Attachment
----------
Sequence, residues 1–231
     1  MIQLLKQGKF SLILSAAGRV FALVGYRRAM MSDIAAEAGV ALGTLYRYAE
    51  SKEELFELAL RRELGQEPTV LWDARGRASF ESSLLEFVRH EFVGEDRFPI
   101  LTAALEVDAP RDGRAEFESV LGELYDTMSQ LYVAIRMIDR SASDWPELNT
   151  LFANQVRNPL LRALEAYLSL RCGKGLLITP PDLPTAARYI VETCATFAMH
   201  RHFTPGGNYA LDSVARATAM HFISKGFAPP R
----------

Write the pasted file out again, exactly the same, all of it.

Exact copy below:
Sequence, residues 1–231
     1  MIQLLKQGKF SLILSAAGRV FALVGYRRAM MSDIAAEAGV ALGTLYRYAE
    51  SKEELFELAL RRELGQEPTV LWDARGRASF ESSLLEFVRH EFVGEDRFPI
   101  LTAALEVDAP RDGRAEFESV LGELYDTMSQ LYVAIRMIDR SASDWPELNT
   151  LFANQVRNPL LRALEAYLSL RCGKGLLITP PDLPTAARYI VETCATFAMH
   201  RHFTPGGNYA LDSVARATAM HFISKGFAPP R